Frigid polar air is largely isolated from the temperate regions by strong circumpolar winds that keep it in place. When this AO index goes low, these winds move about dramatically, allowing the arctic and temperate regions to mix far more than usual.

  37. Gareth 38

    Since Open Mind is being referred to: here’s another recent post by Tamino in which he demonstrates that the temperature data from the last decade is entirely consistent with a continuing upward trend — Riddle me this.

  38. tsmithfield 39

    quenchino, that first link with the exel program only serves to demonstrate that as more data points are included in each fitting calculation, the line becomes smoother, and only dominant trends show up. However, such fitting calculations, by necessity, become progressively more reliant on historical data and less useful for predicting future trends as more data points are included.

    In contrast, too fewer data points in each calculation means a greater likelihood of picking up noise. That is why I made the point about not getting too excited about minor fluctions, and that a move downwards of around .2 of a degree would be needed before the direction of the major trend could be seriously questioned.

    The wiki graph was probably not that useful because it did not have many data points, relying on annualised data. If it had used monthly data the calculations would have been more useful. One such indicator that is very useful for picking trend reversals and avoiding “fake-outs” is the parabolic SAR indicator:


    One thing that cannot be questioned is that the world has definitely been getting warmer.

    Whether we are likely to get a reversal in world temperatures depends largely on the actual sensitivity of the climate to human emissions. This is the great unknown at the moment. If the sensitivity is high, then the trend will probably keep going up for the foreseeable future. If the sensitivity is low, then by definition, a substantial part of the previous warming will have been due to natural factors, and thus a change in those natural factors could have a substantial effect on reducing temperature.

    What is needed is some good technical indicators. One very good indicator for picking up likely future

  39. lprent 40

    Surprisingly good discussion. I’ve been peeking at the links while increasing the caffiene levels in Bulls. iPhones are excellent for reading comments – but this mobile theme badly needs a reply button.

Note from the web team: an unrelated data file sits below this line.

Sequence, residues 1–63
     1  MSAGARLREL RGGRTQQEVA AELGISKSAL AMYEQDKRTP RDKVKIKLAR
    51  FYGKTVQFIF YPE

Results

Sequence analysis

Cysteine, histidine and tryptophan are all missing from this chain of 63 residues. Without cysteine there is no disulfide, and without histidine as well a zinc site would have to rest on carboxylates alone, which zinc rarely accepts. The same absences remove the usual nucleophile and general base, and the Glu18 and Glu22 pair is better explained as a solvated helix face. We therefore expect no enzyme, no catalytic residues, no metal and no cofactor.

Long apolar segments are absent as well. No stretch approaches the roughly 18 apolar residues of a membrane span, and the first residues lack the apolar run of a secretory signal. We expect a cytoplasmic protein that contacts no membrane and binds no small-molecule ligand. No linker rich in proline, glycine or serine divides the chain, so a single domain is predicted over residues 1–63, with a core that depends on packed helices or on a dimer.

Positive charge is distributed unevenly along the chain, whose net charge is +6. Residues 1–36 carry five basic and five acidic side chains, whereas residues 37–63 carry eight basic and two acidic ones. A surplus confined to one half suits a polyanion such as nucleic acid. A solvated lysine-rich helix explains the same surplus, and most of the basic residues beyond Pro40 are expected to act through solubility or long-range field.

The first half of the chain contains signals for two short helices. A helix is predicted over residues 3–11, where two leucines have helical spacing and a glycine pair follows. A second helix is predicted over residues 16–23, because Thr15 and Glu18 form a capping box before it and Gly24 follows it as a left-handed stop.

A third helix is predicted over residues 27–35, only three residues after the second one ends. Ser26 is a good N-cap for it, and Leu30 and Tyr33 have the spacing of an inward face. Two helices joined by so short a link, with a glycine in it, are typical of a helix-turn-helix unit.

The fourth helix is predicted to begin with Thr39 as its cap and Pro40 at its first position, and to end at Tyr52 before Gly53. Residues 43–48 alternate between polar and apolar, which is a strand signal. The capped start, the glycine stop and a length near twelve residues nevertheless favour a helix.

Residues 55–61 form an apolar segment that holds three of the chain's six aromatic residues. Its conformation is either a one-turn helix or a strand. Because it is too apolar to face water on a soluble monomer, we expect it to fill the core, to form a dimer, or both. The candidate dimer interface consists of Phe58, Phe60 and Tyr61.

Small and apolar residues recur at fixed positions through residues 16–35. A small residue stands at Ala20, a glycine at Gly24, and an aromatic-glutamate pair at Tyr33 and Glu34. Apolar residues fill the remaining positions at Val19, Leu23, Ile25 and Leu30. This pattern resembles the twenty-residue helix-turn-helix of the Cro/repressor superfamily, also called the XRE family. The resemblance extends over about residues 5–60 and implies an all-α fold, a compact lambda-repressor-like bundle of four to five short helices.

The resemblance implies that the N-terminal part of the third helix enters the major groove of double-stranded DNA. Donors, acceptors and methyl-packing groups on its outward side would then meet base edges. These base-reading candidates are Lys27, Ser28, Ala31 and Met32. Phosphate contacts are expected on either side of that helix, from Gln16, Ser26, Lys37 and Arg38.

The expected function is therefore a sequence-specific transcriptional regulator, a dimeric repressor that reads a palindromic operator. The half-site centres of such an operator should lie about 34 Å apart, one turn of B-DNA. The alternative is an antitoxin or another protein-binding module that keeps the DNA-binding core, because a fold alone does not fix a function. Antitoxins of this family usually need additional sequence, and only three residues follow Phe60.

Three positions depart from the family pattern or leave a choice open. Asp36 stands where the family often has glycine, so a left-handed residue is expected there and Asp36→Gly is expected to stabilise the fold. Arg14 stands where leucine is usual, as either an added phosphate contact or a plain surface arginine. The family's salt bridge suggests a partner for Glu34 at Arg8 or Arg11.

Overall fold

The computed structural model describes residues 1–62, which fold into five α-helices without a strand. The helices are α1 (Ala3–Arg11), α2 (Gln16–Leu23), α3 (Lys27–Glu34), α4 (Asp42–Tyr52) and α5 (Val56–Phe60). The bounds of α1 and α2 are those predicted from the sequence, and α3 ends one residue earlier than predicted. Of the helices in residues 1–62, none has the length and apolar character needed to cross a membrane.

However I have to say that the nearly-a-hangover makes the reading a bit of a strain. I suspect that the drive to Auckland will be in hour hops.

    It is all young labour and clare currans fault. The wine just appeared. And it was fun watching the crazy dancing. However I should have headed to bed earlier.

  40. quenchino 41

    quenchino, that first link with the exel program only serves to demonstrate that as more data points are included in each fitting calculation, the line becomes smoother, and only dominant trends show up.

    Almost. I can see where you are coming from. Lets assume we are filtering a bunch of noisy data points in a time series. What determines the smoothness of the resulting curve is the parameter we choose for the filter. For instance if we are using a simple moving average filter, then obviously the period of the moving average is critical… ie the appearance of the result is determined by whether we choose a 5, 10 or 30 year period.

    All filters have similar parameters that are chosen to reject the noise we want to discard, and reveal the underlying signal that we are interested in. This is a crucial point. You have to choose filter parameters that makes sense in terms of the signal you are trying to extract. There is no point for instance in trying to find a seasonal timescale variation… if you apply a 1000 year filter to the data. The signal you are looking for will be smoothed out of existence. Equally if you apply a 5 year filter to a process with an underlying 1000 year driver… the signal you are looking for will be hidden under noise.

    By contrast including more data points does not necessarily change the shape of the curve, rather it increases your confidence in it’s accuracy.